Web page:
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The U.S. Department of Energy (DOE) has issued two draft national interest electric transmission corridor (NIETC) designations for areas in which consumers are adversely affected by transmission capacity constraints or congestion.

The proposed Mid-Atlantic Area NIETC includes counties in Ohio, West Virginia, Pennsylvania, New York, Maryland and Virginia and all of New Jersey, Delaware and the District of Columbia. The proposed Southwest Area NIETC includes counties in California, Arizona and Nevada.

The draft designations come after the DOE reviewed its "National Electric Transmission Congestion Study" released in August 2006. The DOE decided to issue draft designations before making final NIETC designations in order to provide additional opportunities for review and comment by affected states, regional entities and the general public.

Designation of national corridors is supported in the Energy Policy Act of 2005 by a provision allowing the Federal Energy Regulatory Commission (FERC) to issue permits for the construction or modification of transmission in national corridors. FERC's siting authority does not replace states' siting authority, but rather will operate as a backup under certain conditions. The law allows FERC to issue permits when:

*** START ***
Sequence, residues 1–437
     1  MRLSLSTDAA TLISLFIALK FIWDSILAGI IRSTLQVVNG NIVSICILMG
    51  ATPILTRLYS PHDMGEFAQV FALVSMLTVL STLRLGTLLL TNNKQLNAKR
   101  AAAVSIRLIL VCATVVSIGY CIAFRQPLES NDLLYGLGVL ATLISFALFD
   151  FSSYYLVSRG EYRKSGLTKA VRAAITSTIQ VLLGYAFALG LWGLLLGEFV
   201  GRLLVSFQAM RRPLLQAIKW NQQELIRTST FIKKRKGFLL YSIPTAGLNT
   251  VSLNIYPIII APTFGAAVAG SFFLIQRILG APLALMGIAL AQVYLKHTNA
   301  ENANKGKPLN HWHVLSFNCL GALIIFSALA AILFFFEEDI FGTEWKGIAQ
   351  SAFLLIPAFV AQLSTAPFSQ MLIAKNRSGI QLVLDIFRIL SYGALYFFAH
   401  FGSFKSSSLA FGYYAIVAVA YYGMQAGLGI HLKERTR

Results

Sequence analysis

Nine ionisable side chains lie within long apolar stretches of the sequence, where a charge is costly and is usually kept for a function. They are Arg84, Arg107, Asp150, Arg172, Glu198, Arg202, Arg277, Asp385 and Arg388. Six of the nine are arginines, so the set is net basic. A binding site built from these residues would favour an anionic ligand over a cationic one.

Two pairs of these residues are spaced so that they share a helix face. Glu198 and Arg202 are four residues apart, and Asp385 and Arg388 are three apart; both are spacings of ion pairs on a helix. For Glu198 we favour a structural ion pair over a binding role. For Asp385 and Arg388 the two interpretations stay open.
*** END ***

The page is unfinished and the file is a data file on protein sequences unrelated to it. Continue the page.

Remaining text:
- a state does not have the authority to approve siting of facilities or to consider the interstate benefits that would result from new or updated facilities,
- the entity seeking to build or upgrade facilities is a utility that does not qualify to apply for siting approval in a state because the entity does not supply power for customers in that state,
- the state siting authority withholds approval for the facilities for more than one year after an application is filed or one year after the designation of a national corridor or
- the state establishes conditions for building or upgrading that will reduce benefits of the construction.

A 60-day comment period will begin the day draft NEITC designations are published in the Federal Register. During the comment period, the DOE will confer with affected states and will hold public meetings on May 15 in Washington, D.C., May 17 in San Diego, and May 23 in New York City.

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